A: The CNRS has laboratories everywhere in France?
D: The CNRS has laboratories in all parts of France. There are two kinds of laboratories: laboratories which only depend on the CNRS - as in my case - and associated laboratories. That is kind of an association between a university and the CNRS. In this case the CNRS helps some universities budgetwise.
A: Does the CNRS belong directly to some ministry?
D: Yes - to the Ministry of Research.
A: It's like the Max-Planck Gesellschaft in Germany?
D: Yes, something like that.
When I was director of a laboratory it was very easy to do because we had plenty of money. I had 5 secretaries, we had a very big computer and a lot of technicians to manage the calculations.
A: Prof. Daudel, should I have any other questions I can perhaps contact you in writing?
D: All right.
A: It was a very interesting interview which gave me some idea about French quantum chemistry.
You are indeed one of the active parts of that French quantum chemistry. And you were and, as one can see, you still are very active in publications.
D: I believe I have written some 30 books, but not only on quantum chemistry. One of them being an especially interesting experience because we did this book in organizing an international symposium during 3 years and the book arose from the various contributions to the seminar. It was completely programmed in such a way that in the end a full book resulted, completely organized in chapters and so on.
And another book here: A lot of people have contributed to this: A book for the secondary school in Frances. Molecular Vision of the World (13), with particular intensity on the relation between science and the arts.
A: Prof. Daudel, once again, thank you very much for this interview.
(1) R. Daudel, About the nature of the chemical bond.
J. Mol. Struct. (Theochem) 261, 113-114 (1992).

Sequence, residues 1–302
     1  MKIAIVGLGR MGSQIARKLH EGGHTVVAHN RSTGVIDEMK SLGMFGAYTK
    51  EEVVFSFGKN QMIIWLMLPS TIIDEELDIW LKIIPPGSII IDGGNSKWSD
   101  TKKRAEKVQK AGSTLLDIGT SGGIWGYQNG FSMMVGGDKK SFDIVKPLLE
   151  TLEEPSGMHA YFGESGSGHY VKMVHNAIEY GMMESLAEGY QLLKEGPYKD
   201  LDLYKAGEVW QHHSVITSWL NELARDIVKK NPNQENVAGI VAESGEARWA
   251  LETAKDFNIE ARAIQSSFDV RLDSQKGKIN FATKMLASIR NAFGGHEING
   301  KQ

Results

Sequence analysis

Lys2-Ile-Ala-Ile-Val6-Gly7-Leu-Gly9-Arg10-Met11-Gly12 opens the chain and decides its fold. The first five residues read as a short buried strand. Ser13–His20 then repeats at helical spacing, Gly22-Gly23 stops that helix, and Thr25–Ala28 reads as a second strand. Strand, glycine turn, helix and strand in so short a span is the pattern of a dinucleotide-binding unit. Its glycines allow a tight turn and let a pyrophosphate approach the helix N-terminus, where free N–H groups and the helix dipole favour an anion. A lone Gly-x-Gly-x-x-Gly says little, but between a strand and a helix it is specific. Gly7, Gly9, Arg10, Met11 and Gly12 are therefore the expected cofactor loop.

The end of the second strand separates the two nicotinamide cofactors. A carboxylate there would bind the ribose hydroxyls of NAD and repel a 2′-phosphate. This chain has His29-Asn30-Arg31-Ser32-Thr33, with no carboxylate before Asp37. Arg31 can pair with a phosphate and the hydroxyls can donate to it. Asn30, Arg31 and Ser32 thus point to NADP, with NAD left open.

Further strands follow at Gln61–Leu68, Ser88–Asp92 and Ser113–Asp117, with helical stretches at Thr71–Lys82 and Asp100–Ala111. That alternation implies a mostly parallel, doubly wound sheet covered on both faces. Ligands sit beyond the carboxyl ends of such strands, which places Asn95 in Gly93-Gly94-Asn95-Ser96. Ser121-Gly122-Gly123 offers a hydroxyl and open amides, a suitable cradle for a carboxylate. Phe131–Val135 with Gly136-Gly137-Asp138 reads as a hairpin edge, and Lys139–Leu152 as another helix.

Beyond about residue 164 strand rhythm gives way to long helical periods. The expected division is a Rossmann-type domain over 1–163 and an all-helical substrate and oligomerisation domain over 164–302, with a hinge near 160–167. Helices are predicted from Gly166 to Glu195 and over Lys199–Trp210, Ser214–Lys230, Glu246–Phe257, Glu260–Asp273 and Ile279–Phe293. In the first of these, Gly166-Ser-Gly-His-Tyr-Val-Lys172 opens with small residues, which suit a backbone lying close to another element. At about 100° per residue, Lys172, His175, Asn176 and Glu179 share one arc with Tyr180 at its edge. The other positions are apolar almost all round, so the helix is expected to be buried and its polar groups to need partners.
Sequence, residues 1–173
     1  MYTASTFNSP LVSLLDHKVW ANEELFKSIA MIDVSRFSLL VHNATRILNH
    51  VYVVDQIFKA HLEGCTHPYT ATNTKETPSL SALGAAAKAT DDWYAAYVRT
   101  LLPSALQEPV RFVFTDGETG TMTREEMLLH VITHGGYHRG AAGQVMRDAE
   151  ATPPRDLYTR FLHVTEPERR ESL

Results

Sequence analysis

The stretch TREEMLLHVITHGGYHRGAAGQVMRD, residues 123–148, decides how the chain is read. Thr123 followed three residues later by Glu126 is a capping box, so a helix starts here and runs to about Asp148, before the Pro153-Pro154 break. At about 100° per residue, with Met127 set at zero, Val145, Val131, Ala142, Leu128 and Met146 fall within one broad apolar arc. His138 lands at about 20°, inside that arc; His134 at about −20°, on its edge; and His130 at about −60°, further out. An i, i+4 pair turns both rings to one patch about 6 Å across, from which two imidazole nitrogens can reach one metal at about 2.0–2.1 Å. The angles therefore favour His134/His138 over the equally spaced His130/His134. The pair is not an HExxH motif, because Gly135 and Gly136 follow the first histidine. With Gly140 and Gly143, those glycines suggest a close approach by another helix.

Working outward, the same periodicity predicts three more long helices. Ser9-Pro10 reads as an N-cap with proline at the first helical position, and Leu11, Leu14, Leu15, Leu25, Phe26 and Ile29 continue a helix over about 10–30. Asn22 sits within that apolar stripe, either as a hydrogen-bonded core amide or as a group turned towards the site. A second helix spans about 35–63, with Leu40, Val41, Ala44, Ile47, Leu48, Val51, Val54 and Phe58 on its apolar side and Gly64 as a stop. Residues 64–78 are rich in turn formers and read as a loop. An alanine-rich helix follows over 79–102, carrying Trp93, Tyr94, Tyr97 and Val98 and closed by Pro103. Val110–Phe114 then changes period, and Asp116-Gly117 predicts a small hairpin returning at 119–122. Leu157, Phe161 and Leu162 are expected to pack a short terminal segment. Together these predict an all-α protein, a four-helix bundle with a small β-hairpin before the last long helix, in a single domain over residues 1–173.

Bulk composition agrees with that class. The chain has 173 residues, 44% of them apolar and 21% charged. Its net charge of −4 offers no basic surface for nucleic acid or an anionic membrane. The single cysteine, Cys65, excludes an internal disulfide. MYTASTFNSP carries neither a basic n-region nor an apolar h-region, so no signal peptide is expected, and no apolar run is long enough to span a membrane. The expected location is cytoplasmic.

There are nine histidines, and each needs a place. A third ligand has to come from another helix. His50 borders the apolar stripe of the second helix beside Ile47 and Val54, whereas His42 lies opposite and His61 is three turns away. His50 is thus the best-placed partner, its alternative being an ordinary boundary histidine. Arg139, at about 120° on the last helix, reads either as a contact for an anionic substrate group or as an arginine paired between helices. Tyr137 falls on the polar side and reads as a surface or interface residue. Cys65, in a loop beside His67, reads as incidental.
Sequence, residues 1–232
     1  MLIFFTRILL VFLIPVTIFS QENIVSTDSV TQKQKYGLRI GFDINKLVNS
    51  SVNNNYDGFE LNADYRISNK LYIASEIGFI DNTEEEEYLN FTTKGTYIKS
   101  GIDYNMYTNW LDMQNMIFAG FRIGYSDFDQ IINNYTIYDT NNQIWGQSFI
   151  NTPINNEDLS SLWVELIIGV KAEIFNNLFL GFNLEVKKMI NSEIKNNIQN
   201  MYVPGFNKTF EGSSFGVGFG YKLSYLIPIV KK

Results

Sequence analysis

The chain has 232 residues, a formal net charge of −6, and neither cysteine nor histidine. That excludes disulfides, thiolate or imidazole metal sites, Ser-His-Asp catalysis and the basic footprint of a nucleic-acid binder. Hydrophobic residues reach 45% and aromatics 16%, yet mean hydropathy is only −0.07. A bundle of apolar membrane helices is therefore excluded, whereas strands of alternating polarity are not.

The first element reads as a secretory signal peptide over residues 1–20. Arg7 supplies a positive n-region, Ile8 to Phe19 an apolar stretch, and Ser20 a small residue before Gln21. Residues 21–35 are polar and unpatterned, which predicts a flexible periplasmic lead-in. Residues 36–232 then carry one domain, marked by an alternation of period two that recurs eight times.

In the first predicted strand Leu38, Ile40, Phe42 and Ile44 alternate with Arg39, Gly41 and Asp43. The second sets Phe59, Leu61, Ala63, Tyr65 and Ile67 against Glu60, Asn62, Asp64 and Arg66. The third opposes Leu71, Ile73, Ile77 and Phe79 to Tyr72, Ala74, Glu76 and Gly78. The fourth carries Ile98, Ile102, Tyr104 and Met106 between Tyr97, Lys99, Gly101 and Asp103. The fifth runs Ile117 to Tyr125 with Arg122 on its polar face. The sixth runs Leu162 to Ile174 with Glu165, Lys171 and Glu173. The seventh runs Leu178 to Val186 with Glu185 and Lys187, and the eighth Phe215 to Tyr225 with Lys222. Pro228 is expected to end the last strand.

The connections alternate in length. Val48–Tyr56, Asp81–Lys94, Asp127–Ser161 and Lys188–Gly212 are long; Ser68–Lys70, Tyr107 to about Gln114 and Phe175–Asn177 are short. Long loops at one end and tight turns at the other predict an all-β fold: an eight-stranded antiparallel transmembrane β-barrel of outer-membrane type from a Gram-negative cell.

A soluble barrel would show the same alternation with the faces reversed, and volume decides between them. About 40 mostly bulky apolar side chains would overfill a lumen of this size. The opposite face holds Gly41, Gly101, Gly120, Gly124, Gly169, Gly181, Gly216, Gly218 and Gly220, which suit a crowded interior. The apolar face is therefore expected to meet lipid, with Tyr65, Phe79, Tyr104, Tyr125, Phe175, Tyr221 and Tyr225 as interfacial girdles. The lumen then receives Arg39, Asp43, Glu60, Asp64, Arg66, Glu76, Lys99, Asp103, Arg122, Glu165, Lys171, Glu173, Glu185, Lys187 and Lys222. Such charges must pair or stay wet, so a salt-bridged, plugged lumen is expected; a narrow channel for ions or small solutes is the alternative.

(2) R. Daudel, Quantum Chemistry.
Encyclopedia of Physical Science and Technology, Vol. 13, p. 629-640 (1992).
(3) R. Daudel, R. Lefebvre and C. Moser, Quantum Chemistry.
Interscience, New York, 1959. 2nd. printing 1965.
(4) R. Daudel, L'Empire des Molécules. Hachette, Paris, 1991.
(5) R. Daudel, G. Leroy, D. Peeters and M. Sana, Quantum Chemistry.
John Wiley and Sons, Chichester, 1983.
(6) R. Daudel, Recent Work of Pascaline Daudel.
Polycyclic Hydrocarbons and Cancer, Vol. 2, p. 37-41.
Acad. Press, New York, 1978.
(7) S. Odiot and R. Daudel, Relation entre le volume occupé en moyenne par un électron
dans le cortège d'un atome et le potentiel électrique moyen
régnant dans ce domaine.
Compt. Rend. Acad. Sci. 238, 1384-1386 (1954).
(8) R. Daudel, Altérations des périodes radioactives sous l'influence des méthodes chimiques.
Rev. Sci. 85, 162 (1947).
(9) R. Daudel, Relation entre les propriétés radioactives des noyaux et la structure
chimique des molécules qui les renferment. J. Physique 13, 557-562 (1952).
(10) R. Daudel and A. Pullman, Sur le calcul de la répartition du nuage électronique
dans les molécules aromatiques.
Compt. Rend. Acad. Sci. 220, 888-889 (1945).
(11) B. Werth, Das Milliarden-Dollar Molekül. Verlag Chemie, Weinheim, 1996.
Orig. Title: The Billion-Dollar Molecule. - , - (1994).
(12) Pi : Probability P of i events. For more details, see Ref. (5), p. 18f.
(13) R. Daudel, Vision moléculaire du monde. Hachette, Paris, 1981.
(14) R. Daudel, Remarque sur la rôle de l'indiscernabilité des électrons en
chimie théorique. Compt. Rend. Acad. Sci. 235, 886-888 (1952).
(15) M. Roux and R. Daudel, Effet de la liaison chimique sur la densité electronique.
Cas de la molécule Li2. Compt. Rend. Acad. Sci. 240, 90-92 (1955).
(16) M. Roux, S. Besnainou and R. Daudel, Recherches sur la répartition de la densité
électronique dans les molécules. I. Effet de la liaison chimique.
J. Chim. Phys. 53, 218-221 (1956).
(17) L. Pauling and E.B. Wilson, Introduction to Quantum Mechanics.
McGraw-Hill, New York, 1935.